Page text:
Somalia’s civil war hides steady growth of internet services

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Despite continuing unrest, Somalia has taken the first tentative steps towards establishing a national government and AU peacekeepers have begun to arrive. It’s too early to say whether some sort of peace will take hold but behind the seemingly endless news of civil war, the Internet has been developing apace.

Somalia was one of the last African countries to get connected to the Internet after the country established its first ISP in 1999. But today the country has internet connectivity to almost 53% of the whole area of the country and the Internet business is mushrooming in the country and becoming one of the fastest growing services along with telephony. 

Based on the 2006 report of Somali Telecommunication  Association (STA),  a watchdog organisation that oversees the Policy  development and regulatory framework  of ICT sector in Somalia, by the end of 2005 there were  more than 0.5 million users of Internet services in the country with 22 established ISP  and 234 cyber cafes  with growth of 15.6% per year.

Several types of Internet services are available in the country including dial up services that are mainly provided by the major network operators in the country. The major players include Global Internet Company which is a jointly owned by the three major networks of Hormud Telcom, Telcom Somalia and Nationlink. Global Internet Company is the biggest ISP in the country and the sole provider of dialup services in South- central regions of the country.  While in Somaliland and Puntland, Internet services has been bundled within the network products and services whereby each network delivers Internet dialup services into its own subscribers. Major regional service leaders include Telsom, and Ts in Somaliland regions and Golis and STG in the Puntland region.

Dial up internet services in Somalia is the fastest growing internet services in Africa as Somalia enjoys landline growth of more than 12.5% per year compared to Horn and eastern Africa countries where landline is experiencing a serious decline due vandalism and increase cost of copper cables in the international market. This growth is attributed to the unique services policy adopted by the Somali telcom operators that is based on free local calls within each town of in the country. Landline has become the product of choice and most affordable telecommunication service in the local market. By just  paying a flat rate of US$ 10 per month for unlimited calls and US0.005 per minute for Internet connections, with one time connection fee of US$50.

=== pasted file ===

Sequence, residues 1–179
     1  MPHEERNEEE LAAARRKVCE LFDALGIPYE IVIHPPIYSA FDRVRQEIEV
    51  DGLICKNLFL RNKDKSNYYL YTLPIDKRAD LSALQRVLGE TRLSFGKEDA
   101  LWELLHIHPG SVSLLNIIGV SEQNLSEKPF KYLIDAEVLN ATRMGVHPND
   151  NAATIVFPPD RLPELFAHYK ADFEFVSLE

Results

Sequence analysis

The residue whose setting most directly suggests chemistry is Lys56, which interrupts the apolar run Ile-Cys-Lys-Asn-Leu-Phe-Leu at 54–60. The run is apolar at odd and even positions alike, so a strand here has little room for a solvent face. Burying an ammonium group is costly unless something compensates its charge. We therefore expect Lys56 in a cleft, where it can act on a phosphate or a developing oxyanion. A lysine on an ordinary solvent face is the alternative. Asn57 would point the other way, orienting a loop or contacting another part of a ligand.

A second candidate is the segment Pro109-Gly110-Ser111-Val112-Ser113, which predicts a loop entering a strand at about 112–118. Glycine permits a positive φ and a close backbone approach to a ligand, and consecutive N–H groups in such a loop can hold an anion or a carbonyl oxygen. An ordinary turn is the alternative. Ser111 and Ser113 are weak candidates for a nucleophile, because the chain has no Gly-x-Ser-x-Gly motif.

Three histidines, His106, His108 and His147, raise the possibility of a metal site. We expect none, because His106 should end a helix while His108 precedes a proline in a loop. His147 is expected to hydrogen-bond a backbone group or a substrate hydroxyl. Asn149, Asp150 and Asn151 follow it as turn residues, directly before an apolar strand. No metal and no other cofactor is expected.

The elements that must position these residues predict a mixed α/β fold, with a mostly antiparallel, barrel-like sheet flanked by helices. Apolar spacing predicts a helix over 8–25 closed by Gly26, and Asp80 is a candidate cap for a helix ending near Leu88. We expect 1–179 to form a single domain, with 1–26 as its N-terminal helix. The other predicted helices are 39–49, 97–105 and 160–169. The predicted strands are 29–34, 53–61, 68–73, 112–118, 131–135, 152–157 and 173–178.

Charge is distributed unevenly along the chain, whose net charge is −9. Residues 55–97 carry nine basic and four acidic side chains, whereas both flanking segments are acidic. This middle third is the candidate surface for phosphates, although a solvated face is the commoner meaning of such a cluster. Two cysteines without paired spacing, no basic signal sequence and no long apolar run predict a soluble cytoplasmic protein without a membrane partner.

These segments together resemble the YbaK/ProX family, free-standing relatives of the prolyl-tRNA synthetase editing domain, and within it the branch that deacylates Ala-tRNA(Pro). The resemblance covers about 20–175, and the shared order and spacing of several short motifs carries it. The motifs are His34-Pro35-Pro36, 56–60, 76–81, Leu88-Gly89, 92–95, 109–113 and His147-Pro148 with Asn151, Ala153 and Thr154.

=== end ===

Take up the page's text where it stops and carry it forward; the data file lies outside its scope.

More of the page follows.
The other high-flying Internet service in the country is Wireless Internet for corporate, learning institutions, UN, NGO and diplomatic Missions. This service is provided by both dial up and non-dial up ISPs.  Major cities like Mogadishu, Hargeisa, Bosaso, Kismayo  and Galkayo, the services has been delivered at the pricing structure ranging from US$ 150- 300 per month for unlimited internet access with bandwidth rate of 64kbs up and down.

For instance, the capital city Mogadishu hosts the biggest wireless internet services and has largest subscriber base in the country and  Dalkom (Wanaag HK), webtel, Orbit, and Unitel are the major leaders of service providers. The challenges facing the wireless internet providers include the cost of subscriber terminal equipment and electricity supply as well the cost of bandwidth.

Somafone, one of the GSM services providers, has also introduced a GPRS service for wireless Internet in the market. GPRS service has not yet picked up in the local market but it is available in Mogadishu and its neighbourhood regions of Lower and Middle Shabelle.

ADSL and LRE( long range ethernet) Internet services are also offered in Mogadishu,  specially for the business centres and corporate institutions in the city. The services has not been extended to other major cities in the country but expected to be completed in the near future. So far Global internet is the only operator at the moment able to provide ADSL services in Mogadishu.